Earlier this year, the high-street mobile provider introduced a new roaming charge for people travelling to 60 countries outside of the European Union.
This ‘roam-further’ charge changed the way that holidaymakers were going to be paying for their phone bills, but according to Ofcom they did not sufficiently inform customers who could end up out of pocket.
Instead of being charged per text message sent, or call made, pay monthly customers would now be charged a flat fee of five pounds per day, every time they activated roaming abroad.
Obviously this change had the potential to impact customers who, for example, might only use their phone once a day when out of the country, and would expect to pay pennies for a text message rather than pounds.
All customers were informed of the impending changes in a text message between April and May 2017, and a select pool (those Vodafone predicted would be disproportionately affected) were sent a message and a link to their website.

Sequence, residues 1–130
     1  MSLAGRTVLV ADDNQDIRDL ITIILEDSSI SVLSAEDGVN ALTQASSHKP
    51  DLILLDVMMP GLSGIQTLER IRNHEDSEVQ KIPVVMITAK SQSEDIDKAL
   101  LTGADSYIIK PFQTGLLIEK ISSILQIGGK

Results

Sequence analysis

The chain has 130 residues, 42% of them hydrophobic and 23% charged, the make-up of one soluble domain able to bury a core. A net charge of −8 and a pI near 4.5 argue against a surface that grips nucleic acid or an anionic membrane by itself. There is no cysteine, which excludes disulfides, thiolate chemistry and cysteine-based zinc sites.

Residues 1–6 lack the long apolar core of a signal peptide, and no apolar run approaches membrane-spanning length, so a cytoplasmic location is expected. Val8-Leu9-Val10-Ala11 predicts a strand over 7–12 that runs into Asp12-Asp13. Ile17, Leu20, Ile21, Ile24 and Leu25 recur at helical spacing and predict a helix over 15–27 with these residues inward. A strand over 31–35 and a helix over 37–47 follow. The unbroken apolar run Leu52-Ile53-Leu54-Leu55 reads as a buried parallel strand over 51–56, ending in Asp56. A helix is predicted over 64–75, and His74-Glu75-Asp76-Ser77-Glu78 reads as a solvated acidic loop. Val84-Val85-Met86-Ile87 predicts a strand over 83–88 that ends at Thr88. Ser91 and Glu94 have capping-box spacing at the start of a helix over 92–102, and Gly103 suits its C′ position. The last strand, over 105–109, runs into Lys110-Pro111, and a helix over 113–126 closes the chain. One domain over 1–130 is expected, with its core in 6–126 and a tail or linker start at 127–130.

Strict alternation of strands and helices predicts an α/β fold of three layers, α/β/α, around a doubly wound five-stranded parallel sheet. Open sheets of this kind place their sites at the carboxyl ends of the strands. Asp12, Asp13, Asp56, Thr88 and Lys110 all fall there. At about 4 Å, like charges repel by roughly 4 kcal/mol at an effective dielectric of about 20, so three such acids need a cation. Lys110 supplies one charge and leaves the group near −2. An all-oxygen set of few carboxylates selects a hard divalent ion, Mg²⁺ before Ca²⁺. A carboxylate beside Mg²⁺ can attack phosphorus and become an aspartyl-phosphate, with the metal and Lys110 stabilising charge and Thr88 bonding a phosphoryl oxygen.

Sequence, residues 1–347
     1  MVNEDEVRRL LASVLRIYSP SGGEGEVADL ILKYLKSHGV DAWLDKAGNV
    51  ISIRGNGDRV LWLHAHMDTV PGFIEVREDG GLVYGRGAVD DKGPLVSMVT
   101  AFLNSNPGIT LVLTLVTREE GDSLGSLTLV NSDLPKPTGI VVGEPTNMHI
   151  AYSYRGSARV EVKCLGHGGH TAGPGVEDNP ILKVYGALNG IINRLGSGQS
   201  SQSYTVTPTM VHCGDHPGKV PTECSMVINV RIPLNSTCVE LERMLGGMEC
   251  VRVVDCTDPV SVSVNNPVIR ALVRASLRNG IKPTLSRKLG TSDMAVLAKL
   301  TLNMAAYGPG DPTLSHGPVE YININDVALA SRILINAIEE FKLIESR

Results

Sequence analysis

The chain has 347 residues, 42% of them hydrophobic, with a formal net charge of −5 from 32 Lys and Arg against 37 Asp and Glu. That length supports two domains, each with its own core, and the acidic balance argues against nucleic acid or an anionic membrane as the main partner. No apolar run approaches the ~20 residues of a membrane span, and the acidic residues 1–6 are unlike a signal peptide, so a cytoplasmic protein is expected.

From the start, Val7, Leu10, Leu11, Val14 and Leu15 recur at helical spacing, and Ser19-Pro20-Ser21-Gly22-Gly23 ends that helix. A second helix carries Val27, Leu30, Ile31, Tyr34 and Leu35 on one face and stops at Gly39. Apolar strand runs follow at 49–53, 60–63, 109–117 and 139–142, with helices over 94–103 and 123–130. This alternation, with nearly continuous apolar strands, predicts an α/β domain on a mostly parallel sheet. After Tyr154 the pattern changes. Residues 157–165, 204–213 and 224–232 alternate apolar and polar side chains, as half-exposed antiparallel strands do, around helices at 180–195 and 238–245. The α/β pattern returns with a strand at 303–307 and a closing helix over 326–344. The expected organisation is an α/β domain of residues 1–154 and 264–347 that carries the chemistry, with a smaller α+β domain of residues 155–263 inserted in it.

On the website it specified the consumer rights and that they were able to exit the contract without penalty.
How do I leave my contract?
Customers who are concerned they have also been affected by the Roam-further charge should contact Vodafone - 03333 040 191 from UK landlines or mobiles (standard call charges apply). Ofcom says if consumers have a complaint about contract changes, they should contact their provider in the first instance.
But, after complaints from customers, Ofcom decided that this message was not sufficient to meet strict rules about this sort of behaviour. They questioned the clarity of the message and whether it had been flagged to everyone concerned.
There were also questions asked about whether Vodafone had met the requirement to give 30 days notice of contract changes to customers.
After being pulled up on the shortcomings by the regulator, Vodafone agreed to send another text to customers who were originally contacted and to an additional group, clearly informing them of their rights in the body of the message.
They also committed to refund customers who had complained about being left shortchanged and updated their processes to ensure a similar problem doesn’t arise in the future.